Getting up at the crack of dawn (or before) to do a shoot is always an interesting experience.
This morning, for example, while shooting the lunar eclipse, I heard a distant meowing. Like some sort of feline sonar, it got more insistent and increased in volume until it was right behind me.
I turn to find a cat (with collar, and apparently well-cared for), sitting there, meowing at me.
Sure, company’s fine. “Hi, Cat.”
I continue shooting until the cat decides that insufficient attention is being paid, and he decides to start rubbing up against the legs… of my tripod.
“Nope!” I shoo the cat away, who then hides (VERY NOISILY) in a nearby bush.
“You’re not very good at this hiding thing. This is why cats aren’t the apex predators on this planet, Cat.”
Cat’s next trick was to go investigate my garage, and in doing so, trigger the safety beam across the entrance… thus turning on a very bright light next to where I’m shooting (from the driveway.)
Hiss at the cat, chase it out a couple times, give up, and close the garage door.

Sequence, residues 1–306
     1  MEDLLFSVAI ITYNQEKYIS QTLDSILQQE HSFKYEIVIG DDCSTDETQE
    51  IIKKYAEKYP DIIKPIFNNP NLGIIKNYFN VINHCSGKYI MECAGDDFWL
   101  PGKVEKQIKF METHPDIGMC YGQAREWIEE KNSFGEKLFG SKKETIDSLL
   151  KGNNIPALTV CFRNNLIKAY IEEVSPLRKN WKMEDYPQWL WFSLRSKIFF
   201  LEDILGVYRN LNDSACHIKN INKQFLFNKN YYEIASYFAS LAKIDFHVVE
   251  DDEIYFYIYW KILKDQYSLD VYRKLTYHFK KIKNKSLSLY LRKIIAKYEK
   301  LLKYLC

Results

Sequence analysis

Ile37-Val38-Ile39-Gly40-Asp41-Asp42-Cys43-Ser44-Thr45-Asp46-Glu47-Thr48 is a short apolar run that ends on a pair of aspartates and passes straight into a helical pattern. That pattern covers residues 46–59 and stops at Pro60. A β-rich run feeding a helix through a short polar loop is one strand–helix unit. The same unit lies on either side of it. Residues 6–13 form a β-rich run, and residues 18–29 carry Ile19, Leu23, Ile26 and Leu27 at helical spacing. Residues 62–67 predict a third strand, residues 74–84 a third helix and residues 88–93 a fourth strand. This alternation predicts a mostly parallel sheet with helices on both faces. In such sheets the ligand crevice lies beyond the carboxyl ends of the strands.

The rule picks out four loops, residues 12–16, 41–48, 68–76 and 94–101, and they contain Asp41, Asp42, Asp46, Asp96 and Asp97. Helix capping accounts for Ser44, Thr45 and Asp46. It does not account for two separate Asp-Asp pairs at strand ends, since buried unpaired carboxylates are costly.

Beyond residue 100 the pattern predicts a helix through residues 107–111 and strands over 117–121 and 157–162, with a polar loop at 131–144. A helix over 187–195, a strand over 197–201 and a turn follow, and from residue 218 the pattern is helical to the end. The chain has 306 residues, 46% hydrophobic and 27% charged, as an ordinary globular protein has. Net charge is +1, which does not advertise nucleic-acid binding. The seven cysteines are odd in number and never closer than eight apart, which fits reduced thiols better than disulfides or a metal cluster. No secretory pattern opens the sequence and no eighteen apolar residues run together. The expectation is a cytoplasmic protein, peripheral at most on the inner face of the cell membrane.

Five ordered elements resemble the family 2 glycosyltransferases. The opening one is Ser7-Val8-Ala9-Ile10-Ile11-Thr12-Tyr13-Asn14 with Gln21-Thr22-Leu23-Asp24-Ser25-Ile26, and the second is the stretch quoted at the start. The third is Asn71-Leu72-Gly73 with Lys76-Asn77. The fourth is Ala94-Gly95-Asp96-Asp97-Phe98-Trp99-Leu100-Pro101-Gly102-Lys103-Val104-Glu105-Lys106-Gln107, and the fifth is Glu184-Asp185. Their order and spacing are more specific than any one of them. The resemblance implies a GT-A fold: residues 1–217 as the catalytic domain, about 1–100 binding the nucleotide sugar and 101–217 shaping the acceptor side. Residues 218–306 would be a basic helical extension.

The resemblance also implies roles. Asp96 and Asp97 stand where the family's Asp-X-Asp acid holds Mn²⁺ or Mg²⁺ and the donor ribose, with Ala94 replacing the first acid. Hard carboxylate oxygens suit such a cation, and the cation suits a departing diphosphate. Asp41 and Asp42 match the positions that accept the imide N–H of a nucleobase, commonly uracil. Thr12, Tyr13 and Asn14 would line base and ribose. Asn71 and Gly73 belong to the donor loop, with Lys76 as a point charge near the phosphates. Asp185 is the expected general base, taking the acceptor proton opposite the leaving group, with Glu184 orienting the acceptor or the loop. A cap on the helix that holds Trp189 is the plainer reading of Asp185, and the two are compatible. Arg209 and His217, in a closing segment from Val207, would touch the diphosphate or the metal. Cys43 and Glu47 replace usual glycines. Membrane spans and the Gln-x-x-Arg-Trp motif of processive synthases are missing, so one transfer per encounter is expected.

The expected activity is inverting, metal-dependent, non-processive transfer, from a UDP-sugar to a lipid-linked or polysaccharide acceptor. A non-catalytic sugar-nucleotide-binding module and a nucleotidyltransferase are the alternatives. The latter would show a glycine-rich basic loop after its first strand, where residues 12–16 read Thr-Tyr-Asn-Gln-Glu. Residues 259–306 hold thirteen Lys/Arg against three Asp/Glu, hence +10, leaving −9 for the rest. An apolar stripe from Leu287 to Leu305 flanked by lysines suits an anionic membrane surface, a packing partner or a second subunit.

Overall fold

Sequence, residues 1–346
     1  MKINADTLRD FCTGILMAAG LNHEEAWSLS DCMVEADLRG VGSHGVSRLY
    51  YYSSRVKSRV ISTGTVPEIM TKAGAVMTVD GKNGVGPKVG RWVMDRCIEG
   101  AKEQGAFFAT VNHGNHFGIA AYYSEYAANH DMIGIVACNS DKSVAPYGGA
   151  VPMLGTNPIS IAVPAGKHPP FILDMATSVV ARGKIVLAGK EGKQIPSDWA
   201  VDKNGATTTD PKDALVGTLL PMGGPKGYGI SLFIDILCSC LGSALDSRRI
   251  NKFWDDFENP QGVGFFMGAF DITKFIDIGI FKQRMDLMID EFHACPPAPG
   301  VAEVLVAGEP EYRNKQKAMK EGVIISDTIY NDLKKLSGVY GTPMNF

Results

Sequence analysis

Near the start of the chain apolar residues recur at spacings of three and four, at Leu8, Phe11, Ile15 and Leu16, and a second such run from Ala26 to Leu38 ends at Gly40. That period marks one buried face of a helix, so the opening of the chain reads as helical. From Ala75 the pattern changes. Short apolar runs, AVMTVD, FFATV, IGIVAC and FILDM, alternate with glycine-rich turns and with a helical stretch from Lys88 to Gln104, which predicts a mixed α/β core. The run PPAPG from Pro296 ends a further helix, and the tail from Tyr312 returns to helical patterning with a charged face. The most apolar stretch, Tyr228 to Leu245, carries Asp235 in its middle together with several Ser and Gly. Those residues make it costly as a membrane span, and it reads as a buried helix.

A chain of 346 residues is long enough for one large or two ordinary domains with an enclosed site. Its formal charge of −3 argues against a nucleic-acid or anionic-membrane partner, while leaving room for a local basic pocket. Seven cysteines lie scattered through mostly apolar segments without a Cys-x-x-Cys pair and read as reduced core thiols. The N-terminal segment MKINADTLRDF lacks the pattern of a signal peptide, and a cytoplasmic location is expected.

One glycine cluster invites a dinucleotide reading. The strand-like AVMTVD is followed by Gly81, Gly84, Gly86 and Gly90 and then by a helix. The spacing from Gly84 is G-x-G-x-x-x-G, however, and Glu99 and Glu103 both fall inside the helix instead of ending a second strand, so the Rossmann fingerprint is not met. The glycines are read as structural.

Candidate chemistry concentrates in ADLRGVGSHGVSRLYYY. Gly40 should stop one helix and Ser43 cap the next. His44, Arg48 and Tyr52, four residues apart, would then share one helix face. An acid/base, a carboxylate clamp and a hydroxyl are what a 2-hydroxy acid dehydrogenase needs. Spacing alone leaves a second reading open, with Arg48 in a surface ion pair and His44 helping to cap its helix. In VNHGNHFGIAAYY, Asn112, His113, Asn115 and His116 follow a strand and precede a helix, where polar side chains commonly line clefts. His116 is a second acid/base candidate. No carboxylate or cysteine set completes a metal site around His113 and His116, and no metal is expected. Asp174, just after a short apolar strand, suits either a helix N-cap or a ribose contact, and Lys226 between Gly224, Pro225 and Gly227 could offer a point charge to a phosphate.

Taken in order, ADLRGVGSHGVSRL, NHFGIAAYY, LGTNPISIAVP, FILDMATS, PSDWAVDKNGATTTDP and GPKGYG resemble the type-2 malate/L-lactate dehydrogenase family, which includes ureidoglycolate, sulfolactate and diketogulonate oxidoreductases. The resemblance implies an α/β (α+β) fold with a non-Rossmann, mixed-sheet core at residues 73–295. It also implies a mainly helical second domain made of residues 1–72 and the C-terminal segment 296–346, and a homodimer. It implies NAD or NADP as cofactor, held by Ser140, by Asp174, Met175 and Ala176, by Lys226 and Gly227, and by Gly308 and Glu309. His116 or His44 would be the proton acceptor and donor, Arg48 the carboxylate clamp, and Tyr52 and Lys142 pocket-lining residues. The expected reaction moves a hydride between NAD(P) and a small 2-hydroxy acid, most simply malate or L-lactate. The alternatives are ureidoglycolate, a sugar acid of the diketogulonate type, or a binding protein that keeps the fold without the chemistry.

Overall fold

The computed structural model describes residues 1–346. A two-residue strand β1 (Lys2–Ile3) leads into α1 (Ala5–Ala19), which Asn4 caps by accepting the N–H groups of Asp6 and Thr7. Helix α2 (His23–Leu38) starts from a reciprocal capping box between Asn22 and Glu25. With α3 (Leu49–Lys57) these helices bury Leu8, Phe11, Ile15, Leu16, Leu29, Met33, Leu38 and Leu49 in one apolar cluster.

Ok, looks like the moon is moving enough to shoot from the backyard (which is darker, and has fewer neighbors wondering why I have a large lens pointed down the street.
Move to the backyard.
Ah, nice and dark.
Cat comes to investigate.
Cat gets bored.
Cat triggers motion sensor of next door house.
After that, he decided his work was done, and moved off.
Fortunately, I got a few shots. As I came in, I checked the time, and found that two hours had passed since I’d gone out. That’s one thing I’ll say for this sort of photography, I really lose myself in it, and it’s a sort of meditation for me, despite the occasional intense focus required.